Economic Overview

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Many people and industries depend on fisheries as a means of livlihood and as a food source. When a fishery goes under, it effects a long chain of people. Currently no system of fisheries management has been able to sustain every aspect of the fisheries. There has already been substantial damage to many economies that depend on this natural resource.

The price of fish is still relatively low. Why is the price not reflecting the fact that the supply of fish is diminishing? The fact is the price of fish is rising at a faster level than that of beef and chicken, but if the price surpasses that of cheaper meats people will turn to substitute foods. This is one reason the price of fish is low. Other resons the price is kept in check is because overfishing is still occuring. This means that fish are being supplied at the expense of the fishery. Eventually the supply of fish will dwindle to a point so low that it will cause the fishery to crash.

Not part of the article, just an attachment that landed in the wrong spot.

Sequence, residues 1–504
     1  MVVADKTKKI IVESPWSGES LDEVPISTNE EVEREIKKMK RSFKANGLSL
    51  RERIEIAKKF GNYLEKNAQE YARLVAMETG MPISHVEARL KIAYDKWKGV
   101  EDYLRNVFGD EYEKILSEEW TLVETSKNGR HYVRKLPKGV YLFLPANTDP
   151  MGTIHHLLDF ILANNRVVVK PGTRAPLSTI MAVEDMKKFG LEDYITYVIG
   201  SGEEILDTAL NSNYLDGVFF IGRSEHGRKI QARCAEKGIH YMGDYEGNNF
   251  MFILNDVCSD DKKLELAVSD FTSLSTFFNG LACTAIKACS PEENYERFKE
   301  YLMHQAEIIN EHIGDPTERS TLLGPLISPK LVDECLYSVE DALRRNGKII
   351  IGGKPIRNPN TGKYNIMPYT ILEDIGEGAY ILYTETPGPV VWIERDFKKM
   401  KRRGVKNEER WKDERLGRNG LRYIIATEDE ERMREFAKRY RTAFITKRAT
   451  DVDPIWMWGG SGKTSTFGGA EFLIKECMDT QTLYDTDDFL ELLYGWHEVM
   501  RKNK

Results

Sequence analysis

Currently the cost of running a fishery is much higher than the total revenue of the catch from the fishery. How is it possible then that fishers are able to stay in the business and live from year to year when they are not covering the cost of running their boat? They are able to stay in business because government gives them a crutch in the form of subsidies. These subsidies cover the difference between the total revenue and the total cost of running their boat. These subsidies are keeping fishers in the business that would have been driven out normally. The government's motivation is to preserve employment, but they are doing it at the expence of the fishery. "Even the U.N. now acknowledges that by enticing too many participants, high levels of subsidy generate severe economic and environmental hardship." (Safina 1995)

Over capitalization has also proven to be a huge problem for fisheries. It has been said that if the number of boats decreases the catch would remain the same and profits would increase.(Safina 1995) The reason this seems so simple is because people cannot merely "ditch" their boats . Since there are too many boats in the water profitability is low, this in turn decreases the value of the ships. If these boats were sold it would mean a huge economic loss to the owner. Therefore they are forced to continue fishing to cover the cost of the boat. The fishers are trapped, it is not profitable for them to keep fishing, yet they do not have any way out.

Economic perspective of case studies:
The Chesapeake Bay Fisheries,
The Alaskan Salmon fisheries
The Massachusetts groundfisheries

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